DePrimo said that from the beginning, CLP advised city officials that the 20-foot zone was unprecedented and unconstitutional and that the CLP would challenge it in court.
Networks sue FCC over indecency rules
The big four television networks – ABC, CBS, NBC and Fox – have filed suit against the Federal Communications Commission to prevent enforcement of the FCC’s indecency regulations. The move was prompted by the FCC’s unprecedented $3.6 million fine against CBS and 103 network affiliates for airing a teen sex orgy scene in the drama Without a Trace.
Conservative and Christian watchdog groups have reacted to the networks’ ludicrous litigation in concert. “It’s incredible that the networks think they should have free rein to air the ‘f’ word and the ‘s’ word and all manner of other obscenities and sexual perversions with no restraint,” said AFA President Tim Wildmon. “After all, the airwaves belong to the American public, not to the networks.”
Lanier Swann of Concerned Women for America said, “The [lawsuit] illustrates how out of touch television moguls are with American families. Seventy-five percent of Americans believe the FCC should, in fact, have more ability to regulate our television content.”
Parents Television Council President Brent Bozell said the suit is “beyond preposterous … utterly shameless. The networks have taken this fight to a court of law because they know they don’t stand a chance in the court of public opinion.”
Wildmon predicted the case may, indeed, eventually reach the U.S. Supreme Court. The Washington Post reported that broadcasters had admitted in private that this could be the test case they’ve been waiting for to challenge the government’s ability to police public airwaves.
www.agapepress.org, 4/18/06; www.lifesite.net, 4/18/06
An article in Time magazine revealed some of the tricks frequently employed on reality shows. For example, producers of ABC’s The Dating Experience thought it would make for more interesting television if a female participant was perceived to like one of the male contestants, when in reality she did not.
How did the producers solve this problem? Time’s James Poniewozik said: “So they sat her down for an interview. Who’s your favorite celebrity? they asked. She replied that she really loved Adam Sandler. Later, in the editing room, they spliced out Sandler’s name and dropped in audio of her saying the male contestant’s name.”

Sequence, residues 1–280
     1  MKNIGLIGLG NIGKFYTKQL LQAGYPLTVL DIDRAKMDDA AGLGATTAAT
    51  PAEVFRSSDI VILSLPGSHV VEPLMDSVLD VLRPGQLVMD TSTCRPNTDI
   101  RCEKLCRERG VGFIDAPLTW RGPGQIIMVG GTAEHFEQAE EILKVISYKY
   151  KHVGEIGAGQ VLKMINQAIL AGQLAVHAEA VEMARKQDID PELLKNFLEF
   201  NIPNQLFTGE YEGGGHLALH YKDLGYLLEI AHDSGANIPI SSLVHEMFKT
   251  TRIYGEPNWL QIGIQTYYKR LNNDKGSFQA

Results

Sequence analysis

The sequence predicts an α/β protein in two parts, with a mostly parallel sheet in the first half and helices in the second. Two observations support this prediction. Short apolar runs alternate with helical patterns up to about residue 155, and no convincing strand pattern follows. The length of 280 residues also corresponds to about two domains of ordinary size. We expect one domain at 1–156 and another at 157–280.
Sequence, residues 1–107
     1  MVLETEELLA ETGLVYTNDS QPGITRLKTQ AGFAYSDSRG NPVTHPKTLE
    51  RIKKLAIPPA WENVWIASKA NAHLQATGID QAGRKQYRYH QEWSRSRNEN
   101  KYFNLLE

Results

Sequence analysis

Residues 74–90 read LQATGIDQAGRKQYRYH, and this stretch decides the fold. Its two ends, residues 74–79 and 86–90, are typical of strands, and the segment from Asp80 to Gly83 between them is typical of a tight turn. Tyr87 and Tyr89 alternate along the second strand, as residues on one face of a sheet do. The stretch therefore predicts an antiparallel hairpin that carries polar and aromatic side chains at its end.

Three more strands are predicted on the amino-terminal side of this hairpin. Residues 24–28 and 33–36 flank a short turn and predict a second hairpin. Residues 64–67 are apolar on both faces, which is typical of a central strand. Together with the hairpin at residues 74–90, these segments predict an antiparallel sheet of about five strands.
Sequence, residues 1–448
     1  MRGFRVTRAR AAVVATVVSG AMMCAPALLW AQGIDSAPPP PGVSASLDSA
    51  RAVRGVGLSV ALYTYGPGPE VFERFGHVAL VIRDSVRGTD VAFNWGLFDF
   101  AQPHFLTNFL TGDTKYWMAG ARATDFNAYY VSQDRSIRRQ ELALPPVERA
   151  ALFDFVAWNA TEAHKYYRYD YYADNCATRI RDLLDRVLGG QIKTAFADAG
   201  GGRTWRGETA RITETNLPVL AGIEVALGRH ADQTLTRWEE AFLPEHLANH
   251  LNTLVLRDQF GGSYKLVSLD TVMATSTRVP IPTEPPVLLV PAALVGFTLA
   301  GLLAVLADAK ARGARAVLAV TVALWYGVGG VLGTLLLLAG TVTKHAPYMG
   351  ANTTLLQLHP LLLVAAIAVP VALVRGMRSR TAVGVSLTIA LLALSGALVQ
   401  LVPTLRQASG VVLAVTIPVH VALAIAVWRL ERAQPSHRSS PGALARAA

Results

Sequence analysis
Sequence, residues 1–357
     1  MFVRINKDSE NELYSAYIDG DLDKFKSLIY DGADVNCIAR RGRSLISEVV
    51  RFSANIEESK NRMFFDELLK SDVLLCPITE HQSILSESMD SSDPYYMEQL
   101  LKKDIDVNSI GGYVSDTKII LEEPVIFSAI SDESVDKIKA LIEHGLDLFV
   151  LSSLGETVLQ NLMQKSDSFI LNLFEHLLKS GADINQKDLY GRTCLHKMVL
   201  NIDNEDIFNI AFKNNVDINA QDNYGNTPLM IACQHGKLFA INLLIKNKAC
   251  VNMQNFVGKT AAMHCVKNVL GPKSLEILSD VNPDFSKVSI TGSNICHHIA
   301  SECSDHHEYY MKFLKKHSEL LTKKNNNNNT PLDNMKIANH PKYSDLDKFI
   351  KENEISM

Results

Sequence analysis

Apparently such tactics are a regular part of reality television. Poniewozik said the above example even has a name – “Frankenbiting.” The moniker comes from the fact that sound bites are “stitched together” to create a sentence that wasn’t actually spoken by a participant.
Other tricks: fake settings are built, maybe an office or an apartment that gives the impression the contestants are at a real location; a “misleading montage,” in which footage shot days apart is reassembled to create a more interesting story line; or even dubbing in sounds over a scene in which participants are off-screen, to suggest something that never really occurred – like sex.
Of course, Poniewozik admits that most people who watch reality shows expect some shenanigans. “But even savvy viewers who realize that their favorite reality shows are cast, contrived and edited to be dramatic,” he said, “may have no idea how brazen the fudging can be.”
Court nixes student’s free speech rights
In California, a three-judge panel of the 9th U.S. Circuit Court of Appeals has ruled that a San Diego high school student may be barred from wearing a T-shirt displaying Christian messages in opposition to homosexuality.
The 2-1 decision upheld a lower-court ruling against Chase Harper, who was suspended by Poway High School for wearing a T-shirt displaying the messages: “Homosexuality is shameful” and “Our school embraced what God has condemned.”
Harper had worn the shirt – without incident – during an annual pro-homosexual event in 2004 known as the “Day of Silence.” But when he wore it to school the next day and was ordered to remove it, he refused. The lawsuit emerged from that confrontation.
The majority opinion, written by Judge Stephen Reinhardt, said Poway did not violate Harper’s constitutional rights to religious expression because the message on his shirt was offensive to homosexual students, who were a protected minority.
Reinhardt is well known to pro-family groups, as his rulings in two other infamous cases have been controversial: that the Pledge of Allegiance cannot be cited in schools because it contains the words, “one nation, under God;” and that parents have no “fundamental right” to be the exclusive provider of information regarding sexual matters to their children.